Is The 2nd Amendment Really Under Attack?

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 I have spent the better part of the last five months sitting in my gun shop, selling as many guns as I can get my hands on to well-intentioned guys and even a few gals who really believe their 2nd Amendment “rights” are under attack.  And every day I get an email from Chris Cox or Wayne LaPierre telling me that they’re doing their level best to keep my guns from being taken away.  Chris and Wayne are going to stand and fight and if I don’t stand with them, those hard-fought freedoms will slowly but surely be taken away!

Except the truth is that there’s never been a time when American gun rights were more secure.  Know why?  Because in most parts of the country there aren’t any laws covering the way people use guns at all.  Let me give you just a few examples.

Everyone agrees that guns should be kept locked up.  The NRA says so, the American Academy of Pediatrics says so, everyone says so.  There are currently 39 states that have no laws requiring gun locks of any kind, and only one state, Massachusetts, requires locks on all guns.  Is it any wonder that two children under five years of age were accidentally shot in Kentucky in the last several weeks?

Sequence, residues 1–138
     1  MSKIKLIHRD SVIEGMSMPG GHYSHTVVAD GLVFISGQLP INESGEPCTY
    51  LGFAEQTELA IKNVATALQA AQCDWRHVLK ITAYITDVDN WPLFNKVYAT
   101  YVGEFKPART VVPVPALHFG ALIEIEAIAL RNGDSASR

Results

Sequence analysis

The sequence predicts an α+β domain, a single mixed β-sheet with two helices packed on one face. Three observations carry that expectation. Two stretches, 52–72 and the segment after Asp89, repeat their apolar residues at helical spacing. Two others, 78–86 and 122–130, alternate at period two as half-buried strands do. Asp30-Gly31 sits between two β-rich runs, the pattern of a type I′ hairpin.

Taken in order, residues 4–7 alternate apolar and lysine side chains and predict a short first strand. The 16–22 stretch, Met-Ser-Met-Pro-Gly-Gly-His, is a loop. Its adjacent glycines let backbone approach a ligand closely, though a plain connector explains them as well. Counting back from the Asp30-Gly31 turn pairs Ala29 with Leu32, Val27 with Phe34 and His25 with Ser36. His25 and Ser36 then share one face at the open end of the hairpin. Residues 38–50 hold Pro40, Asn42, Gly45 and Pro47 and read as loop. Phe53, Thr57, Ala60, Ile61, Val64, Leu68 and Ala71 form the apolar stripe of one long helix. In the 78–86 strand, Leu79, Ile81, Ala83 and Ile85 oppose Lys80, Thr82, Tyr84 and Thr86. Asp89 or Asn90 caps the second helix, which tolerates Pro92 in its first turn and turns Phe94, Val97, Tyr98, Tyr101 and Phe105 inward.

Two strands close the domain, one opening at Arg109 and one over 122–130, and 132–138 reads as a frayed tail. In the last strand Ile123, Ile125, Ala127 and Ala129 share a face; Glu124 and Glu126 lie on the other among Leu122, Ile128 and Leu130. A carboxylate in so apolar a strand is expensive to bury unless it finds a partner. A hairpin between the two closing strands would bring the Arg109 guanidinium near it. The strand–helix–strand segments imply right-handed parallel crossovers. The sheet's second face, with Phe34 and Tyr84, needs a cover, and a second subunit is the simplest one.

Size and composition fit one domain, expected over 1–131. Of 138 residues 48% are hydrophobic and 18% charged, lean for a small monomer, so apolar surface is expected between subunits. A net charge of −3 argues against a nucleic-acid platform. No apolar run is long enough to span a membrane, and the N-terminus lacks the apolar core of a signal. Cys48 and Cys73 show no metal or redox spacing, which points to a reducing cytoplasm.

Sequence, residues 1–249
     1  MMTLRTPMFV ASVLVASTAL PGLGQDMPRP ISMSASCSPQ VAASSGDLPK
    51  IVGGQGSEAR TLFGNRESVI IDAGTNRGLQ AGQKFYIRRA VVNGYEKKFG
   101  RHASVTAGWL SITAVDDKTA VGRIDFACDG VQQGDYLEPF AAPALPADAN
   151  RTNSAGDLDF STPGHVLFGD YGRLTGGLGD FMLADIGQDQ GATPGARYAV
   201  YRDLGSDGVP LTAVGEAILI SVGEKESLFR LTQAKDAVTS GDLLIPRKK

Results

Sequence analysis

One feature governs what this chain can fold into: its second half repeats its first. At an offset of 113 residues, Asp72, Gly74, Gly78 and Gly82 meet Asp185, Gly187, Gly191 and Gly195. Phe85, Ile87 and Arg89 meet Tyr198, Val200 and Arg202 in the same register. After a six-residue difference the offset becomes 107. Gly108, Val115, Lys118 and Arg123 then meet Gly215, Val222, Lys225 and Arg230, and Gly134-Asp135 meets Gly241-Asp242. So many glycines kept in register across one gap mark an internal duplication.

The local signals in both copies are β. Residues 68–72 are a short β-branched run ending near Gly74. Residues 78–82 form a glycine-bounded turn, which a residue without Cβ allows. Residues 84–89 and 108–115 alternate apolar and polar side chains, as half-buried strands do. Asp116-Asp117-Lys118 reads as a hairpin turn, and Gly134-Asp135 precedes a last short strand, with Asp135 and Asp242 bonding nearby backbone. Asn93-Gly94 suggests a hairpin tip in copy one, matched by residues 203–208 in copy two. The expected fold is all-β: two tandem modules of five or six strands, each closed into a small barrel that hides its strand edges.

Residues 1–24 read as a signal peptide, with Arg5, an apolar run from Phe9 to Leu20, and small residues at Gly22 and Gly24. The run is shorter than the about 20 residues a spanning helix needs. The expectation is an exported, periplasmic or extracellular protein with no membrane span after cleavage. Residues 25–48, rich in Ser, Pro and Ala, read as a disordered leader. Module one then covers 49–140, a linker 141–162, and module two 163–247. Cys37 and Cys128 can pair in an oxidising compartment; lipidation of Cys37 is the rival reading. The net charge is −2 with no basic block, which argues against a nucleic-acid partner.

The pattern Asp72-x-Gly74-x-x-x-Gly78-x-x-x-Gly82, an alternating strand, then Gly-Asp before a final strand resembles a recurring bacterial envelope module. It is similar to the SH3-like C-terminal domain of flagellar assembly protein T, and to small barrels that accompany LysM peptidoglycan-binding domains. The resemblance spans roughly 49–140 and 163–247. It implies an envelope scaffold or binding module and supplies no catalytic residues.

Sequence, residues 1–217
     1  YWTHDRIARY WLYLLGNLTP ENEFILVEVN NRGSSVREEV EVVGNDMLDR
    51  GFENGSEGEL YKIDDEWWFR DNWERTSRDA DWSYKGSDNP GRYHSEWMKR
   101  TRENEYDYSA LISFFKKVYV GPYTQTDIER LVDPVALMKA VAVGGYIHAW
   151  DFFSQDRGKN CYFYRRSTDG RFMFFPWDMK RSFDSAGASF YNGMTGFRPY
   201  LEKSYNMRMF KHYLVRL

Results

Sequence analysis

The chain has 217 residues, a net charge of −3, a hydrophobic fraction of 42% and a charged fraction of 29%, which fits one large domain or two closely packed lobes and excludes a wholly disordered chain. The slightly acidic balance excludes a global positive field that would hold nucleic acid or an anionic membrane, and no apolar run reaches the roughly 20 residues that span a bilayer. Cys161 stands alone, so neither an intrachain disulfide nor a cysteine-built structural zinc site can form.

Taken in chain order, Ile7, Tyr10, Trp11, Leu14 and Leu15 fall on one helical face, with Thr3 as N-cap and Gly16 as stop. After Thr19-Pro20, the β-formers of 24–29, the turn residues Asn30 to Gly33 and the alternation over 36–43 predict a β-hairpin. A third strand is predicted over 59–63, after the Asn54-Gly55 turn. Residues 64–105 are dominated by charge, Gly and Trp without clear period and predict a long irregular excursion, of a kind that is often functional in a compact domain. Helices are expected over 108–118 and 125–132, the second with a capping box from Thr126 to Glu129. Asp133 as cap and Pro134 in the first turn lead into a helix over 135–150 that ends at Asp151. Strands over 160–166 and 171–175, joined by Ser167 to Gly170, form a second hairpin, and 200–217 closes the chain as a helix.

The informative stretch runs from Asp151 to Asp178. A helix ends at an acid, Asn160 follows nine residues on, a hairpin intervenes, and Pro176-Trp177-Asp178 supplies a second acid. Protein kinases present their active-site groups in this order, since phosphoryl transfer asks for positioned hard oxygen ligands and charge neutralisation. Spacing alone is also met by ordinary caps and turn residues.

The good news is that if you live in one of those 39 states and happen to leave a loaded gun around which someone picks up and uses to shoot someone else, it will be ruled an “accident” and the gun will then be returned to you.  After all, why should you be charged with aiding a homicide when it wasn’t your finger that pulled the trigger of your gun?

Or take the issue of alcohol and guns.  NRA-certified trainers like myself are told to make it clear that we will not tolerate alcoholic beverages in or near our training sessions, nor will we allow anyone to touch a gun who appears to be under the influence.  There are currently 39 states that allow people to bring guns into establishments that serve liquor.  Oops!  The North Carolina House just voted to permit bars and restaurants to serve alcohol to gun-toting customers, the bill’s sponsors saying that they felt that the measure was a proper “expansion” of Second Amendment “rights.”

The North Carolina bill also removes sporting arenas from the list of places where it used to be prohibited to bring a gun.  This makes North Carolina the 42nd state to allow fans at baseball, football and basketball games to stick their Glock or Ruger pistols into their waistbands before ending the tailgate party and heading into the stadium.  Of course thanks to the defense of their 2nd Amendment “rights” those pistol-packin’ fans in North Carolina can now also sit there and guzzle down a few beers while cheering the Tar Heels home.